In Ancient Greece, the basic intent of education was to develop the critical faculties of mind. This meant that the focus was on geometry, philosophy, and logic along with basic knowledge of other disciplines.
In Plato’s theory of education, children until the age of six receive pre-primary education. This involves gymnastics for sound body, music for exercise of the mind, and moral stories to build character. Plato proposes extensive knowledge of geometry, philosophy, logic and dialectics.
In ancient India as well, education at the ashrams involved a great deal of spiritual learning along with other disciplines.
It was a time when educating one in philosophy used to be as important as geometry and logic, if not more. But this tradition has been lost somewhere along the way, in the east as well as the west. During the dark and the middle ages, arguably due to the spread of religion, both science and philosophy took a back seat. With renaissance and enlightenment, both humanism and rationalism were revived, yet somehow rationalism was reduced to a science instead of science and philosophy.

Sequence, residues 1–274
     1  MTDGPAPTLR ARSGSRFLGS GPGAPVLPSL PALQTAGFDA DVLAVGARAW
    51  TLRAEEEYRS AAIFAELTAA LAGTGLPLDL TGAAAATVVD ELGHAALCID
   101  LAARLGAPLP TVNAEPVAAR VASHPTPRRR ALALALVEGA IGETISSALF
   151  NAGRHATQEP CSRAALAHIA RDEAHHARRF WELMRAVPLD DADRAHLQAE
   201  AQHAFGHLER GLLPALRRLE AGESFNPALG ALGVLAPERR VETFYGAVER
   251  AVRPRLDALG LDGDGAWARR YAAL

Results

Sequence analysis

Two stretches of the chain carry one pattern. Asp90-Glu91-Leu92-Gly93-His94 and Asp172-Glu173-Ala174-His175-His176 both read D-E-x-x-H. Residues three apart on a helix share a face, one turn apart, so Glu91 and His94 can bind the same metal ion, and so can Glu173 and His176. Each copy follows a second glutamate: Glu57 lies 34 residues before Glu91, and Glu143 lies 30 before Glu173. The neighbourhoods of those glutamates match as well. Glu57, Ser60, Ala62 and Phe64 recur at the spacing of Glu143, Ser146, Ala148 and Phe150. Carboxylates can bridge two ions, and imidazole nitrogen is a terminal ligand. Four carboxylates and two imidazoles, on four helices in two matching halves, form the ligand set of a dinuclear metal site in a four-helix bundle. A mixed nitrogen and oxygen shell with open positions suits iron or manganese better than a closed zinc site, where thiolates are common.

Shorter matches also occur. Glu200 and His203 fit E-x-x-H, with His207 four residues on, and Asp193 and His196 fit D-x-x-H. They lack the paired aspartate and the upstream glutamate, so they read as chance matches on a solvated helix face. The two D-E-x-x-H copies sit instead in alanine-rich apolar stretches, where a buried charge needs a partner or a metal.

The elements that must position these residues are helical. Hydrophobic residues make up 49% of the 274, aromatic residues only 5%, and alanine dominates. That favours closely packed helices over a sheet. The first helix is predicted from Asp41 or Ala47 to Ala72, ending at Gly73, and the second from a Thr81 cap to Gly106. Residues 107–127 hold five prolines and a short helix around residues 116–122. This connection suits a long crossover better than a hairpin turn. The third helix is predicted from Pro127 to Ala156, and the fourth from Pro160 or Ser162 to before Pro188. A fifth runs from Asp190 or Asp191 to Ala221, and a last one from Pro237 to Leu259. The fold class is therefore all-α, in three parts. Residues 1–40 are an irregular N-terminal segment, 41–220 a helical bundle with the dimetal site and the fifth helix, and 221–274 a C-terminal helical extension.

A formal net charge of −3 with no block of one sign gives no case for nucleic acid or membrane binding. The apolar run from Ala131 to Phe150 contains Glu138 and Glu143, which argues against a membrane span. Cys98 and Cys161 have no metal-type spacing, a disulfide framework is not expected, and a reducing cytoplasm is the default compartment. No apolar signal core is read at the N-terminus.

Science and Philosophy: The new great divide?
In lay terms, the difference between science and philosophy can be understood as follows: while science talks about true and false, facts and myths, philosophy talks about right and wrong, just and unjust. The popular notion today is that science is of much more importance to humankind than moral science or philosophy. But, this represents a biased view. Giving privilege to a discipline over another is an exercise in the comparison of different ways of thinking.